Opinion #647 – 06/08/1993 (2-93)
Attorney as, bail bond agent
Topic: Attorneys; bail bond agent
Digest: If not illegal, an attorney ethically may act as a bail bond agent for non-client, but may not for client
Code: DR 1-102; DR 2-103; DR 103(B)(1); EC 1-5
May an attorney ethically act as a bail bond agent or have an interest as a shareholder in an insurance agency selling bail bonds to (1) clients and (2) non-clients?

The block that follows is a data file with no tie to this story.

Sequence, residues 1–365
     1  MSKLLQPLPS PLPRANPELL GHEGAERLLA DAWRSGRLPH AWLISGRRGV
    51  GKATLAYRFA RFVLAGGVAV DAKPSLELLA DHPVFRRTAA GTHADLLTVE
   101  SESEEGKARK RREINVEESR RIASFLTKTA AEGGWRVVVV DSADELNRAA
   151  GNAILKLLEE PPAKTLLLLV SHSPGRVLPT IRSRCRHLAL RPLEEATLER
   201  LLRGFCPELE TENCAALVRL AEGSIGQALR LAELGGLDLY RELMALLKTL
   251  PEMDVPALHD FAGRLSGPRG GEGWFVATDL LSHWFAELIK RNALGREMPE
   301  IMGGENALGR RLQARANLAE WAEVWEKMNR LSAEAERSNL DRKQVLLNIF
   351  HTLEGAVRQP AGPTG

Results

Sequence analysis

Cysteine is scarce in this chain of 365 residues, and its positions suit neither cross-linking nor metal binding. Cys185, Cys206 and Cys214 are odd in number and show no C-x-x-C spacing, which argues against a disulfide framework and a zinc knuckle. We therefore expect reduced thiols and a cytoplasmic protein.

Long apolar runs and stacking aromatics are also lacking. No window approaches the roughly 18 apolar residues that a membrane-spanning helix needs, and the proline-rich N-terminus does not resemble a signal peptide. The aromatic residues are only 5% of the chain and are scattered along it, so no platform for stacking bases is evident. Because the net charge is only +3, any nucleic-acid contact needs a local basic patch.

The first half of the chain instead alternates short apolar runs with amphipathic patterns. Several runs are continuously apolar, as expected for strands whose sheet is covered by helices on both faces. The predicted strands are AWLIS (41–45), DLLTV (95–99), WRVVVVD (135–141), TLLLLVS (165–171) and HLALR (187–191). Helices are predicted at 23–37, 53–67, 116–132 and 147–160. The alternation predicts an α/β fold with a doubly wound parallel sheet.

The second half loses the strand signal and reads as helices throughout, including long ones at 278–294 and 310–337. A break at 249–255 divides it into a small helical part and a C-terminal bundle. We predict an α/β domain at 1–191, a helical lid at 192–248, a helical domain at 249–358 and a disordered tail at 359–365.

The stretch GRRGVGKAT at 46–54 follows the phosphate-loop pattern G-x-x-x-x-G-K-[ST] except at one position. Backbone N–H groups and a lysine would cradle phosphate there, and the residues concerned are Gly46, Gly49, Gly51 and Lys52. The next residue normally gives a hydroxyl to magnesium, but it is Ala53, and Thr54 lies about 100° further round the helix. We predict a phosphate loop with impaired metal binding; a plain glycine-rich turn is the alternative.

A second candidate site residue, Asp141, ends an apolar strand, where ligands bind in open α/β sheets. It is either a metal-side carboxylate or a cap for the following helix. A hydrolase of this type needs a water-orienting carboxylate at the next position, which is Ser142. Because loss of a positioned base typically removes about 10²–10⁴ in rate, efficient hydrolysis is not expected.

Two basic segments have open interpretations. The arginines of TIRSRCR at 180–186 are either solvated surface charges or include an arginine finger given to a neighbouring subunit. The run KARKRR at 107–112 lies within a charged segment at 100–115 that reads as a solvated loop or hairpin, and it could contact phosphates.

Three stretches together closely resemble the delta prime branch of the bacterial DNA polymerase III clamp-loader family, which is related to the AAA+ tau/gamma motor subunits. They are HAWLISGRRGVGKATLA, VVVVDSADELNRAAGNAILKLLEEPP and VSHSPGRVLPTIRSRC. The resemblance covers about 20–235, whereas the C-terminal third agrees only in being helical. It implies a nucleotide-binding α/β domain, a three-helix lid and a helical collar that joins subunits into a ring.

The question posed requires an interpretation of Insurance Law §6804(c) (*1) which provides:Any member of the bar having any financial interest by which he is to profit from the giving of bail shall be guilty of a misdemeanor.A literal reading of this section seems to answer the question directly by making it an illegal practice for an attorney to profit from the sale of bail bonds. Illegal conduct is per se unethical. DR 1-102; EC 1-5; N.Y. State 576 (1986); N.Y. State 499 (1978). The interpretation and application of the Insurance Law are not within the jurisdiction of this Committee.We note, however, that the Attorney General, in a 1945 opinion interpreting the identical language then found in the Code of Criminal Procedure §554-b(5), concluded that the Superintendent of Insurance was not precluded from issuing a license to attorneys who solicit bail bonds “as regular agents of an insurance company.” The opinion went on to state that the statutory language should not be construed as disqualifying a practicing attorney, who desires to perform the usual and ordinary functions of an agent, from obtaining a license as a bail bond agent of a recognized insurance company. Ordinarily, the only financial interest which a bail bond agent, whether or not a member of the Bar, would have in furnishing a bail bond, would be the usual and regular commission to be received upon the premiums for the bond. The quoted statutory language, the Attorney General held, must “therefore, be held to prohibit only direct or indirect compensation received by attorneys upon the issuance of bail bonds, other than the ordinary commission which may be earned by any licensed agent.” 1945 N.Y. Op. Att’y Gen. 200.Assuming there is no legal impediment to an attorney acting as a bail bond agent or having an interest as a shareholder in an insurance agency that sells bail bonds, the ethical issues turn on a number of factors.An attorney may participate in an independent business providing no conflict of interest results. N. Y. State 556 (1984); N.Y. State 493 (1978). Because an attorney simply would be receiving ordinary commissions on the sale of the bonds through a separate business, a conflict of interest with a person who is not a client is remote. (*2)The bail bond agency may not be used to solicit clients for the attorney’s law practice in violation of any statute or rule. N.Y. Judiciary Law §479; DR 2-103; N.Y. State 556 (1984). Whether the proposed conduct violates any rule against solicitation is a question of law. N. Y. State 556 (1984). As an ethical matter, we conclude that even with the full disclosure contemplated by N.Y. State 576 (1986) (allowing real estate attorneys to also act as agents for title insurance companies) and N.Y. State 549 (1983) (allowing an attorney to accept referrals from a collection agency in which the lawyer has an interest), because of the vulnerability of one accused of a crime, the disclosure ordinarily will not obviate the conflict. The lawyer’s interest may be to protect the insurance company by assuring the defendant appears at trial, even though the whereabouts of the defendant may be a secret. The accused ordinarily will not be in a position to give informed consent.Thus, assuming no legal barrier exists, an attorney ethically may profit from an insurance agency’s sale of bail bonds so long as the lawyer does not represent the person for whom the bond is posted. N.Y. State 595 (1988).CONCLUSIONFor the reasons stated above, the first question is answered in the negative and the second question is answered in the affirmative.NOTES(*1) The current §6804(c) of the Insurance Law of New York was originally the last sentence of §554-b(5) of the New York Code of Criminal Procedure. Section 554-b was added to the Code in 1922. In 1970, the Code of Criminal Procedure was repealed and replaced in 1971 by the new Criminal Procedure Law without the various provisions contained in §554-b(5). Shortly thereafter, also in 1971, §331-a(4) was added to the Insurance Law and this section was identical to §554-b(5) of the old Code. Then, in 1984, the Insurance Law was amended (re-arranged) and §331-a(4) was adopted verbatim as §6804.(*2) Where an attorney personally advances funds to a client for bail bond premiums or for bail itself, however, there is conflict of interest. DR 5-103(B)(1). See Suffolk County 87- 7 (undated) indexed in ABA/BNA Lawyers’ Manual on Professional Conduct 901:6303 (interpreting Insurance Law §6804[c]). The concern is that an attorney in such a situation would place the attorney’s own recovery ahead of their client’s, resulting in an obvious conflict.